Toshiba may not seal a US$17.5 billion deal to sell its memory chip unit by a self-imposed 31 August deadline, due to disagreements over details of an offer by the bidders, people familiar with the matter said late on Tuesday.
Talks with a consortium led by Western Digital Corp were in final stages, with the head of the US firm in Japan to hammer out details, the sources said, requesting anonymity because they were not authorised to speak with media.
The two sides, however, could not yet agree on specifics such as the size of Western Digital's future stake in the business, they said, while adding the two sides would continue negotiating.
A Toshiba spokesman said the company could not comment on details of the talks. A Western Digital representative declined to comment.
Toshiba has been trying to sell the unit for months to pay down debt and cover the impact of over US$6 billion in liabilities linked to U.S. nuclear arm Westinghouse.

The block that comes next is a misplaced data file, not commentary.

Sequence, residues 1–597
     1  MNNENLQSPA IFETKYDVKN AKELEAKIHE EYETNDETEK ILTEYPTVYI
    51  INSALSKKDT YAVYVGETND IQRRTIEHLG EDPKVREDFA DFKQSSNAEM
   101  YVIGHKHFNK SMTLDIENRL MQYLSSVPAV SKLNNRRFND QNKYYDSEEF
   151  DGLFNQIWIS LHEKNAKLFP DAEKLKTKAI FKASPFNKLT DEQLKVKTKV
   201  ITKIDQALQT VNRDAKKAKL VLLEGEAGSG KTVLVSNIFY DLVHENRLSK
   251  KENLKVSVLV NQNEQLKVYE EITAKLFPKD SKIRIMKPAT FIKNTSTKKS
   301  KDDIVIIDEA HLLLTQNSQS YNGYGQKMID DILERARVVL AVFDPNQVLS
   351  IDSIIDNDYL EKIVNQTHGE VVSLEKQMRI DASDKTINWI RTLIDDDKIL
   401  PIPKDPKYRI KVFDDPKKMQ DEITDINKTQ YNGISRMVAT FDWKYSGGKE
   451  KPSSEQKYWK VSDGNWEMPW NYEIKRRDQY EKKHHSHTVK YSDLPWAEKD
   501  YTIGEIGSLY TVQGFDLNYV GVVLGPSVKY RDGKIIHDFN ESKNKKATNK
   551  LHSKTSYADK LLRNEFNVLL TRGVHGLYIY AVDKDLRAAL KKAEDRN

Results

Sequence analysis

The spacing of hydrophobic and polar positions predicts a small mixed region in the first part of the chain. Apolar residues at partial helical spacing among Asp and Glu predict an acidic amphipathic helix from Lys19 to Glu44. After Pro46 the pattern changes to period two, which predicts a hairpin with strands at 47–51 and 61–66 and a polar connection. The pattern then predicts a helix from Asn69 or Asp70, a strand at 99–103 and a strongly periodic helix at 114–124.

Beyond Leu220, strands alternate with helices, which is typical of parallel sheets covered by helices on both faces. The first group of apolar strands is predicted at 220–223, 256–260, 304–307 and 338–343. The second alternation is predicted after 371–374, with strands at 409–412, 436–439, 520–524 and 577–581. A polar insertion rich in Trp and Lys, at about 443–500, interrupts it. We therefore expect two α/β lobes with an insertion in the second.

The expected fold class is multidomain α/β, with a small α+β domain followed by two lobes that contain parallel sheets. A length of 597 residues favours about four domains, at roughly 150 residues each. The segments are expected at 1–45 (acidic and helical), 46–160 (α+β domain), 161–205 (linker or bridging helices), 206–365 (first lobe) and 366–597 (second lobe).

Toshiba wants to close the sale by the end of the fiscal year in March to ensure it does not report negative net worth, or liabilities exceeding assets, for a second year running. This could result in a delisting from the Tokyo Stock Exchange.
Given regulatory approvals could take six months, the company has been hoping to reach a deal by the end of August to ensure it can close the sale in time.
In addition to Western Digital, the consortium includes U.S. private equity firm KKR & Co and the state-backed Innovation Network of Japan and Development Bank of Japan. Sources have said the group was offering around 1.9 trillion yen (US$17.5 billion) for the business.
(Reporting by Taro Fuse and Makiko Yamazaki; Writing by Ritsuko Ando; Editing by Mark Potter)